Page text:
Tips, Tricks, and Techniques for a Deliciously Balanced Negroni Cocktail
by Stefanie Michaels
The Negroni cocktail was invented in the early 1900s by Count Camillo Negroni, a regular customer at Caffè Casoni in Florence, Italy. According to legend, the Count asked the bartender, Fosco Scarselli, to make a stronger version of his usual Americano cocktail by replacing the soda water with gin. Scarselli obliged, and the Negroni was born. Some reports say that the drink was first served in Italy, in 1919.
The recipe quickly became popular and soon spread beyond Florence and well beyond Italy.
The Negroni is considered a classic cocktail and enjoyed worldwide. It’s a very versatile drink, and many variations of it have been created, like the White Negroni (made with gin, Suze, and Cocchi Americano) or the Boulevardier (made with bourbon or rye instead of gin).
To make a classic Negroni, you will need the following ingredients:
- 1 oz gin
- 1 oz sweet vermouth
- 1 oz Campari
- Orange peel, for garnish
Let’s Do this…
- Fill a mixing glass with ice.
- Add the gin, sweet vermouth, and Campari.
- Stir until well chilled.
- Strain into a rocks glass filled with ice.
- Garnish with an orange peel.
A Negroni is traditionally served in an Old Fashioned glass, also known as a lowball glass. This type of glass has a wide brim and a heavy base, making it perfect for holding the ice to keep the drink chilled. The wide opening also allows the drinker to enjoy the cocktail’s aroma before taking a sip. A rocks glass can also be used, it’s a bit smaller, and it’s often used to serve short drinks with ice.
Did you know?
Legend has it that the Count asked Scarselli to make his usual Americano cocktail (made with Campari, sweet vermouth, and soda water) stronger by replacing the soda water with gin. The bartender added an orange garnish instead of the usual lemon, and thus the Negroni was born.
While the Negroni is not technically Negroni’s invention, his role in popularizing the cocktail helped it become the iconic drink that it is today.
A little history:
Count Camillo Negroni was an Italian nobleman and adventurer born on January 23, 1868, in Florence, Italy. He was the son of a wealthy family and lived a life of privilege and luxury.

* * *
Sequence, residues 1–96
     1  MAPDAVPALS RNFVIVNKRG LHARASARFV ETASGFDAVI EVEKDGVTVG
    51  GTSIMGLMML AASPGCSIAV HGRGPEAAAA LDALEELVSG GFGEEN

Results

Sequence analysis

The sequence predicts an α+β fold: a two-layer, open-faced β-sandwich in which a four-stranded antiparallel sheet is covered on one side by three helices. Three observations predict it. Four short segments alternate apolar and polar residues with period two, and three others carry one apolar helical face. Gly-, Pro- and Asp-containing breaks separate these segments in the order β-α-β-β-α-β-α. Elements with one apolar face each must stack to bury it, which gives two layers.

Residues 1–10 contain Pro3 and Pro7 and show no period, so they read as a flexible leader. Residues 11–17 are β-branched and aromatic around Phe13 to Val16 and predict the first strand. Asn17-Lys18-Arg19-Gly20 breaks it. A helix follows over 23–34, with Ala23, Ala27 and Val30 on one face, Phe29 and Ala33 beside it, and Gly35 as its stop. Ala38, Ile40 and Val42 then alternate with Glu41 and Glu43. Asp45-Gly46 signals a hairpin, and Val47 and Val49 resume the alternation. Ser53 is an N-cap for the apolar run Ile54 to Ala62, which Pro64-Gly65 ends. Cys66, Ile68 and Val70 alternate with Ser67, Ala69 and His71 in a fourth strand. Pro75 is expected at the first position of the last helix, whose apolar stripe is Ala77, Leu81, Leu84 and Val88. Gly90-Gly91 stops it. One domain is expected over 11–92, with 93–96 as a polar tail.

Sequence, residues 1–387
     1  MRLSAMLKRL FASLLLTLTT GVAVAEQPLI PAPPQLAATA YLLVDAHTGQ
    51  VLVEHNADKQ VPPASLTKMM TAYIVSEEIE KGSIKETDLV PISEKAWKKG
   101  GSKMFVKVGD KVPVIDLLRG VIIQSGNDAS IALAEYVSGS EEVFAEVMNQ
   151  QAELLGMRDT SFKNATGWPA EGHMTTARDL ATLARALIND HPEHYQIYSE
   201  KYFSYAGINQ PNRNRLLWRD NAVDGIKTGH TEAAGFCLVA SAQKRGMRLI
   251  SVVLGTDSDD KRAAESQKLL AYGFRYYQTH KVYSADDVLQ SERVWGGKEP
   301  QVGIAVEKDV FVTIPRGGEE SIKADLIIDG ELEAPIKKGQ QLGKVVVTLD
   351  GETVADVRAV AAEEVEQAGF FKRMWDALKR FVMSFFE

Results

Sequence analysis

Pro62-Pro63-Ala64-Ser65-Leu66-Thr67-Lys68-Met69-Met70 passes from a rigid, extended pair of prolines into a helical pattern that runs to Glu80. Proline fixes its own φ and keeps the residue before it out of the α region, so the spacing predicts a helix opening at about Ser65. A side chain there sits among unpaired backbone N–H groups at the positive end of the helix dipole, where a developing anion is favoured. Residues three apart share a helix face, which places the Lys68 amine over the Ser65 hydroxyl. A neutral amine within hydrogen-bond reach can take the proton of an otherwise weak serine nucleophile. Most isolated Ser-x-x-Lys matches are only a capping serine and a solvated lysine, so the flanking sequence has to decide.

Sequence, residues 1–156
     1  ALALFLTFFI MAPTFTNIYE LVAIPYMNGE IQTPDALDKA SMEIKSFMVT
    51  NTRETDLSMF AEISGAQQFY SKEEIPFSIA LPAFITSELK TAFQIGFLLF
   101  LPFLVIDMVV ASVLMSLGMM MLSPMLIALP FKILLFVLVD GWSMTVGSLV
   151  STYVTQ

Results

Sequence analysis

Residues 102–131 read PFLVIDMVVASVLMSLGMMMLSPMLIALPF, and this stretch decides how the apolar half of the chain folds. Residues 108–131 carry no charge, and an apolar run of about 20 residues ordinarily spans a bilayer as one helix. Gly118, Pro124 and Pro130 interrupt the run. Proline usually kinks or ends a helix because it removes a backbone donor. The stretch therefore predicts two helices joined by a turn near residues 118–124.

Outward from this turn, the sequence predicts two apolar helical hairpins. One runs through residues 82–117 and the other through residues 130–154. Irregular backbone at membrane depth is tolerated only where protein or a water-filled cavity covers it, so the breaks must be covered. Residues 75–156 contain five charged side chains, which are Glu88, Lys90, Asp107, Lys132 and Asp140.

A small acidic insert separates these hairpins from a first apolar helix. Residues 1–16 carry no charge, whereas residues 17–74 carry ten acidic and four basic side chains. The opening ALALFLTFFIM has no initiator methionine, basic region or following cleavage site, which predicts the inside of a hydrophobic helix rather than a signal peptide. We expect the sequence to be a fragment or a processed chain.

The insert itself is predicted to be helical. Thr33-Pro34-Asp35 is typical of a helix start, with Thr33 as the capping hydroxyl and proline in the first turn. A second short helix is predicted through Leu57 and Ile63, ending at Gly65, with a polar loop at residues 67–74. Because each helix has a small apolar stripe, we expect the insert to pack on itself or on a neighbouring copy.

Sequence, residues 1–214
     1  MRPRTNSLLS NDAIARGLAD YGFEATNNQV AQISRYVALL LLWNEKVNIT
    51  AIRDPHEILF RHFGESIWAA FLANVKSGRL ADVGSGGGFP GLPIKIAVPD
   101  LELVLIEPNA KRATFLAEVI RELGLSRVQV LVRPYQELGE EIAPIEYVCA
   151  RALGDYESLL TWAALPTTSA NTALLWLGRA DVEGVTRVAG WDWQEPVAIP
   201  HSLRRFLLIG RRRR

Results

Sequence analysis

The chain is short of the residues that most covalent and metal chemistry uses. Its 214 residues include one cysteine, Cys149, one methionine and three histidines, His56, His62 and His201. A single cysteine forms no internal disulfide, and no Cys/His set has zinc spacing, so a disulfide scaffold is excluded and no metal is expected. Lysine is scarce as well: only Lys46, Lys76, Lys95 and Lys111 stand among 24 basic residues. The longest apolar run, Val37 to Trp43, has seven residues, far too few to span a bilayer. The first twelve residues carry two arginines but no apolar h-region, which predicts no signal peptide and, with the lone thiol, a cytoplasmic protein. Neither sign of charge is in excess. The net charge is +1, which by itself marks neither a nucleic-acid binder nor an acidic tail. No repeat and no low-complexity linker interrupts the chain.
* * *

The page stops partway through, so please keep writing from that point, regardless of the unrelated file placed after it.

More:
Negroni spent much of his early life traveling the world, visiting exotic locations such as the United States, Africa, and South America. He was known for his daring exploits, including working as a cowboy in the American West and fighting as a mercenary in Ethiopia.
Upon returning to Florence, Negroni became a regular at the city’s famous Caffè Casoni, where he allegedly asked the bartender to make his Americano cocktail stronger by replacing the soda water with gin. This new concoction became known as the Negroni cocktail and quickly gained popularity in the city’s social scene.
Negroni lived a colorful life, and his love of adventure never waned. He continued to travel extensively throughout his life and even published a book about his experiences in Africa called “Voyage to the Upper Nile.”
Count Camillo Negroni died on June 25, 1934, at the age of 66 and is remembered for his contribution to the world of cocktails and his adventurous spirit.
A little Florence history:
Florence is often referred to as the “cradle of the Renaissance” due to the significant role it played in the cultural and artistic movement that began in Italy in the 14th century. However, during the Middle Ages, Florence was actually known for its production of high-quality wool.
In fact, the Florentine wool industry was so successful that it helped to fund many of the city’s architectural and artistic achievements in the following centuries. The wool was exported throughout Europe, and Florentine merchants became some of the wealthiest and most influential in the continent.
So, while Florence is now famous for its stunning art and architecture, its early economic success as a wool-producing city played a significant role in its later cultural achievements.
Drink TIP: Adjust the ratios of gin, sweet vermouth, and Campari to taste. Some people prefer a stronger gin flavor, while others prefer a more pronounced bitter flavor from the Campari. Experiment to find your perfect balance.